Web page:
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Pet Snakes provides easy to understand, practical information and facts to help the new snake owner take care of their animals. At Pet Snakes we want to provide information that will help you enjoy your reptile more than ever.

Connecticut Exotic Animal Regulations

Connecticut Exotic Animal Regulations - This Anaconda is banned in the state of Connecticut

The following is an excerpt of Connecticut’s exotic animal regulations. This is not the complete regulation and should not be considered as such. The purpose of providing you, the reader, with this information is to encourage you to contact state authorities in Connecticut with any further questions you might have. We are unable to provide any legal advice regarding Connecticut’s laws (or the laws of any other state). Below the regulations we have included the contact information for the Connecticut Department of Environment Protection who we believe is the agency best suited to assist regarding these regulations. Please note also that the information provided is in good faith and is accurate to the best of our knowledge however we DO NOT guarantee or make claims about the accuracy of the information.

Related Code and Regulation

Substitute Bill No. 6552

Sec. 2. Section 26-40a of the general statutes is repealed and the following is substituted in lieu thereof (Effective October 1, 2009):

(a) No person shall possess a potentially dangerous animal. For the purposes of this section, the following wildlife, or any hybrid thereof, shall be considered [as] potentially dangerous animals:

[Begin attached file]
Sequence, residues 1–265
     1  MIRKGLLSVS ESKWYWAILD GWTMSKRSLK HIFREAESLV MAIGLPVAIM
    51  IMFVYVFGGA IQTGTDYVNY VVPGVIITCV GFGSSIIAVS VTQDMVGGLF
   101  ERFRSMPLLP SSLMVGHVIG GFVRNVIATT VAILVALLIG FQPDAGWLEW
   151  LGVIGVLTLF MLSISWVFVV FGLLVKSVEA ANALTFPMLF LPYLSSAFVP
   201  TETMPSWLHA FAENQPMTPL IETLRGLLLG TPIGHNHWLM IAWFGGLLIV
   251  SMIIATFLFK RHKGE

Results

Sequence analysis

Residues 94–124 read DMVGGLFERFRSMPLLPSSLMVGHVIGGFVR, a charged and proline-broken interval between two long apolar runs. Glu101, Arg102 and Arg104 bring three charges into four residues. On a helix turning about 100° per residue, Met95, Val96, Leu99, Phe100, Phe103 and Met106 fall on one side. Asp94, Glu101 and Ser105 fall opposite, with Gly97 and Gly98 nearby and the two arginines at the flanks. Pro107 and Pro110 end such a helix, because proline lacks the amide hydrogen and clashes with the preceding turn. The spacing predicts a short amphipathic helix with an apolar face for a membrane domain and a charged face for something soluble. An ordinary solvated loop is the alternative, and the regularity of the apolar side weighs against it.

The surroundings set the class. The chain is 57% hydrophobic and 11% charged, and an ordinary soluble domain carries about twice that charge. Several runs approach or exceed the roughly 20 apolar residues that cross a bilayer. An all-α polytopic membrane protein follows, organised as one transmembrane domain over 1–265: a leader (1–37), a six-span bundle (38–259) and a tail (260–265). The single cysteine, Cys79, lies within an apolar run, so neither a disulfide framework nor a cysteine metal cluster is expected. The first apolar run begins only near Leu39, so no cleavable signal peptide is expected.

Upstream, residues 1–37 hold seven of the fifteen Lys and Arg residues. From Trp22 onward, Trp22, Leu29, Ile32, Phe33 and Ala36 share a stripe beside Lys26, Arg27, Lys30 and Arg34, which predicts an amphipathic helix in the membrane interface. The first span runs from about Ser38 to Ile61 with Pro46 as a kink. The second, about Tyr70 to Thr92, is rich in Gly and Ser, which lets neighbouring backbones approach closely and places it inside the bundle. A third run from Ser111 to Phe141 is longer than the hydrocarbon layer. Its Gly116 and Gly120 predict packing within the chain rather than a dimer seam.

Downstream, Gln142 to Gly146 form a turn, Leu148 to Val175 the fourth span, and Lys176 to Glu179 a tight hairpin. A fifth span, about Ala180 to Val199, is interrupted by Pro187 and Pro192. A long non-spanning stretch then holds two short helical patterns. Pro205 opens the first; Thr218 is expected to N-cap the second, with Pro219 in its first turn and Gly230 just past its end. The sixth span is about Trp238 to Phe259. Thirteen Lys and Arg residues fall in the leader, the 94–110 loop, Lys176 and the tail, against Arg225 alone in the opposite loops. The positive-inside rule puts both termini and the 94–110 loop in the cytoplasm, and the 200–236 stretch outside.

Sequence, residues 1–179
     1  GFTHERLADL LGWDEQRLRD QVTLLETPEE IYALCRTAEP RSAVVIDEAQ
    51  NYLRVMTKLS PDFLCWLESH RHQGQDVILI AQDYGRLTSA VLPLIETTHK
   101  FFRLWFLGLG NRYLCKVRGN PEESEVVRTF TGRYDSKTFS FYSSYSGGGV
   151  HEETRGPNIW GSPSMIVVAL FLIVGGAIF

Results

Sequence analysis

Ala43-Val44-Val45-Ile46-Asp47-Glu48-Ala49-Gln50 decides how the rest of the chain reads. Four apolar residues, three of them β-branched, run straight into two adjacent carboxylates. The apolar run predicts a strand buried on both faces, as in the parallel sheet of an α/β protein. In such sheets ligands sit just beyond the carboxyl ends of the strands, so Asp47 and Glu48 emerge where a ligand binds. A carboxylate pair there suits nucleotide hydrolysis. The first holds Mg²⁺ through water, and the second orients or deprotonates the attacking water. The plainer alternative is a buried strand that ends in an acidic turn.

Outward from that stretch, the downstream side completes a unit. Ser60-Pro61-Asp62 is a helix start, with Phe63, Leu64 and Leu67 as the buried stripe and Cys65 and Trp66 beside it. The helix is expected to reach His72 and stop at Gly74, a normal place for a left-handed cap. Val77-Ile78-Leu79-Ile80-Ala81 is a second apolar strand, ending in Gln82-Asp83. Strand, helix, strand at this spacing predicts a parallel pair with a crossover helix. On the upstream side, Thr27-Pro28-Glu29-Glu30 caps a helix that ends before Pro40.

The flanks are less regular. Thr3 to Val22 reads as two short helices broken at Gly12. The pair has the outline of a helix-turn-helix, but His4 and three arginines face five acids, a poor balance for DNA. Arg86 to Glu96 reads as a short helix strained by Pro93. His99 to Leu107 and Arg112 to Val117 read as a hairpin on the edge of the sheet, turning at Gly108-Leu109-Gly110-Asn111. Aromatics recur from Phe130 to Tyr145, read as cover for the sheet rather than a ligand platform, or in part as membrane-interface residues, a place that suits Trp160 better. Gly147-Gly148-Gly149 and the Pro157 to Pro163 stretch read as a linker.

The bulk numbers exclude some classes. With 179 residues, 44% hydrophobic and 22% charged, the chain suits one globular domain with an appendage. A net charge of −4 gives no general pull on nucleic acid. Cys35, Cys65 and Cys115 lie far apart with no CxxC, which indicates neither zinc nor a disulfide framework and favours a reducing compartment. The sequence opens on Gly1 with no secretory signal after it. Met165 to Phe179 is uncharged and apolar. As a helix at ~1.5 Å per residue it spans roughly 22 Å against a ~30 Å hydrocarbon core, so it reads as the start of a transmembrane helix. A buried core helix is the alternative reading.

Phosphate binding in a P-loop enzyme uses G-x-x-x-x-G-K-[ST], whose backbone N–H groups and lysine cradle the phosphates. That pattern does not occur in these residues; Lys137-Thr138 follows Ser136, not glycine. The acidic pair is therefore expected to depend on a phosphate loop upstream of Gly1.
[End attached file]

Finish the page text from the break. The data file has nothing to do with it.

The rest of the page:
[16] The elapidae, including, but not limited to, cobras, coral snakes and mambas;

[17] The viperidae, including, but not limited to, copperheads, rattlesnakes, cottonmouths and all other adders and vipers;

[18] The rear-fanged members of the colubridae in the genera lothornis, boiga, thelotornis, thabdophis, enhydris, dispholidus, clelia, rhabdophis, hydrodynastes, philodryas and malpolon;

[19] The Burmese/Indian, African Rock, amethystine and reticulated of the pythonidae;

[20] The green, yellow and dark spotted anacondas of the boidae;

[21] The helodermatidae, including, but not limited to, Gila monsters and beaded lizards; and

[22] The Nile monitor, water monitor, black-throat monitor, white-throat monitor, crocodile monitor and komodo dragon of the varanidae.


Connecticut Dept. of Environmental Protection
79 Elm Street
Hartford, CT  06106-5127
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